2010 NHL free agency: Detroit, Florida, Ottawa, Columbus and Pittsburgh fill depth needs

The march through free agency continues and today saw a host of depth signings and re-signings by teams to help build up their reserves for a shot at the Cup next season. We’ll sum them up for you quickly.

Detroit re-signs Patrick Eaves, one year $750,000

Eaves did well for Detroit in limited duty on the fourth line and bringing him back at a reduced rate is good for the team, cap-wise. With the Wings not being ones to make overly drastic changes, it makes sense. Eaves is a solid fourth-line producer and seemed to have chemistry when working with Drew Miller and Darren Helm.

Florida signs Nathan Paetsch, re-signs Jason Garrison

Retaining a young defenseman in Garrison who may pan out as fifth or sixth defenseman was a nice move to keep the good things going they started with him last year as a rookie. In 39 games with the Panthers, Garrison scored 2 goals and had nine assists. and had a plus/minus of +5. The signing of Paetsch shows that the Panthers are making sure to keep the blueline depth solid should first-round pick Erik Gudbranson not be quite ready to jump to the NHL. Paetsch has spent time with the Buffalo Sabres and Columbus Blue Jackets in his NHL career.

Ottawa signs forward Corey Locke to a two-year, two-way deal

You might not be too familiar with Corey Locke, but if you’re a fan of Canadian juniors you probably are and you’re excited that this is a homecoming of sorts. Locke, a former member of the Ottawa 67’s, spent most of last year with the Rangers AHL team in Hartford and did well scoring 31 goals and adding 54 assists. With an inexpensive two-way deal, Locke could find himself riding the shuttle between the AHL and Ottawa but he’ll get a fair shot to start with the Senators during training camp.

Pittsburgh signs defenseman Andrew Hutchinson

Hutchinson is the classic depth defenseman, a guy with great talent in the AHL and able to spot-start in the NHL when needed. Hutchinson spent last year with the Dallas Stars’ AHL affiliate in Austin, Texas and helped lead the Stars to the Calder Cup Finals. Should the Pens run into some really hard times with injuries, Hutchinson can fill in admirably.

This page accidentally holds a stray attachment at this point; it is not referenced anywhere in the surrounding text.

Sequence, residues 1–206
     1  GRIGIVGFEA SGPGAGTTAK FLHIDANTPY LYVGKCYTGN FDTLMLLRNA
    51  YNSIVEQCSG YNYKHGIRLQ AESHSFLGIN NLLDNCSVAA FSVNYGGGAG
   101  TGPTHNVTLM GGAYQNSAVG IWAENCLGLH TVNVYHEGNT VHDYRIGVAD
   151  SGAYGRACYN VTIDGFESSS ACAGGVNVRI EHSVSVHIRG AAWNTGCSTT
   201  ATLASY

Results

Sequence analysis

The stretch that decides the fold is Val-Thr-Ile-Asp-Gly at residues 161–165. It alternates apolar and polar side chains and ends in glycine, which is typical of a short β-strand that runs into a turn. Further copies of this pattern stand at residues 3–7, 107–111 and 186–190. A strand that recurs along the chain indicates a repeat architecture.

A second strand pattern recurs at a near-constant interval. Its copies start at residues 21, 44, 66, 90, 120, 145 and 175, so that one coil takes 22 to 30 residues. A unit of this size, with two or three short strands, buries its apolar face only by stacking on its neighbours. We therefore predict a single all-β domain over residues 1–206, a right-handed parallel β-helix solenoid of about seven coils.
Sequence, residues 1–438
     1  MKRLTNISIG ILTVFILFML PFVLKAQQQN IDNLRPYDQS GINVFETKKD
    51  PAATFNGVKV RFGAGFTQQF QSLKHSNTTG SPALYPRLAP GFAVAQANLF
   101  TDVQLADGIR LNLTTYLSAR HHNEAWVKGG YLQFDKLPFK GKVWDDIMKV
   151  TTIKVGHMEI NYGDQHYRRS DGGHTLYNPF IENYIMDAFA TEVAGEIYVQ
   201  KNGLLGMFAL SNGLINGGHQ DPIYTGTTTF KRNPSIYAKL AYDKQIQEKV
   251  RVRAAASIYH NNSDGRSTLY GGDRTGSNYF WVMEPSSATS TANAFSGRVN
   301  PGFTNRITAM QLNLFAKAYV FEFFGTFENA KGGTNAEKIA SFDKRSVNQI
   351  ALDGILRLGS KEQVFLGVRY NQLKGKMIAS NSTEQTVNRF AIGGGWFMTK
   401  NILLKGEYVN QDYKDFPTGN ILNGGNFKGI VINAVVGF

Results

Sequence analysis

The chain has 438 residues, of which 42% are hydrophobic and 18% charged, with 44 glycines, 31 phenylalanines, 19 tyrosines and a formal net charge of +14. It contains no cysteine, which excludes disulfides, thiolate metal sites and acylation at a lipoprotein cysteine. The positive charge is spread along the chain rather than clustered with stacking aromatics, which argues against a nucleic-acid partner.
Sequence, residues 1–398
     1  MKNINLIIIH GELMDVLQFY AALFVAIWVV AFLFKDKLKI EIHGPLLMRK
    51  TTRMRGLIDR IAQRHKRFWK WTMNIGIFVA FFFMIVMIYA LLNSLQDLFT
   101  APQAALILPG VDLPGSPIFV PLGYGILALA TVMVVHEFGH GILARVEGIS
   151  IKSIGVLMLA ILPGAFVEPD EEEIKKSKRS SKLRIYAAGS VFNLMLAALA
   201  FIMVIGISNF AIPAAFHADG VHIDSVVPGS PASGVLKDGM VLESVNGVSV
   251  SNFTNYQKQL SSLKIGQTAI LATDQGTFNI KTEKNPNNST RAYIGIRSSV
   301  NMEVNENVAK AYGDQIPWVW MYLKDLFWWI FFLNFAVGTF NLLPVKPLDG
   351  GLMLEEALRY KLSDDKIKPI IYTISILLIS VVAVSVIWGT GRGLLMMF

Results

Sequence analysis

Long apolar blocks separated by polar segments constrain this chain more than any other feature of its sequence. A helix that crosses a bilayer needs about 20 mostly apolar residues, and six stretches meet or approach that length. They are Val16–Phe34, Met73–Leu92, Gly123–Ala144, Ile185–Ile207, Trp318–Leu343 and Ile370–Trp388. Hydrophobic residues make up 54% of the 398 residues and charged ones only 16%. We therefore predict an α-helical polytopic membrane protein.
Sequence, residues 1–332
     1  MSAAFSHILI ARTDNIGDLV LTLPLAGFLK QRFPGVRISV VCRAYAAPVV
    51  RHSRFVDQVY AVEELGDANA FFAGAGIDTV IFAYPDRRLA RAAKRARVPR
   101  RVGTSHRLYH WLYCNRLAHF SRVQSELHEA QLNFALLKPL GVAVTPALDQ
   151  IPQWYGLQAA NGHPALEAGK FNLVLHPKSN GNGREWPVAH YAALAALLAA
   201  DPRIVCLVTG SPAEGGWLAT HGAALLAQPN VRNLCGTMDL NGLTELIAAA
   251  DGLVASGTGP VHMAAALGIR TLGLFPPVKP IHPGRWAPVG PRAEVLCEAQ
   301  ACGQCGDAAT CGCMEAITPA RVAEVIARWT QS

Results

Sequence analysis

Columbus signs goaltender David LeNeveu

Not all players go to Europe to never be heard from again. LeNeveu returns to North America after playing last year in Austria. He’ll be headed to AHL Springfield to play alongside prospect goaltender Gustav Wesslau and show him the ropes. LeNeveu was a standout goaltender at Cornell University and spent time in the past with the Phoenix Coyotes

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    Oilers apologize to former player who is, in fact, ‘alive and well’

    EDMONTON, AB - APRIL 6:  Longtime Oilers dressing room attendant Joey Moss, along with former Oilers Mark Messier and Wayne Gretzky, watch as a banner is lowered from the rafters during the closing ceremonies at Rexall Place following the game between the Edmonton Oilers and the Vancouver Canucks on April 6, 2016 at Rexall Place in Edmonton, Alberta, Canada. The game was the final game the Oilers played at Rexall Place before moving to Rogers Place next season. (Photo by Codie McLachlan/Getty Images)
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    In an emotional farewell ceremony to Edmonton’s Rexall Place last month, organizers somehow overlooked one rather significant detail about a former WHA player.

    We will let the Oilers explain:

    Oilers Entertainment Group would like to issue a formal apology to former Edmonton Oiler (WHA) Roger Cote and his family. In a special segment during the Farewell Rexall Place Night on April 6, 2016, the organization honoured members of the Oilers Alumni who have unfortunately passed on. In an extreme oversight and error, we included Mr. Cote in that portion of the program. Roger is alive and well, living in Garson, Ontario. For this action and any confusion or pain it caused Mr. Cote and his family and friends, we sincerely apologize.

    In addition to recognizing the error and issuing an apology, the Oilers added that they will be hosting Cote and his son at a game at Rogers Place next season.

    Cote played two seasons for Edmonton during the WHA days.

    The ceremony following the final game at Rexall Place involved more than 150 Oilers alumni members, staff and special guests, as well current members of the organization, according to the Oilers.

    Isles need ‘a short memory,’ can’t get hung up on Game 3 disappointment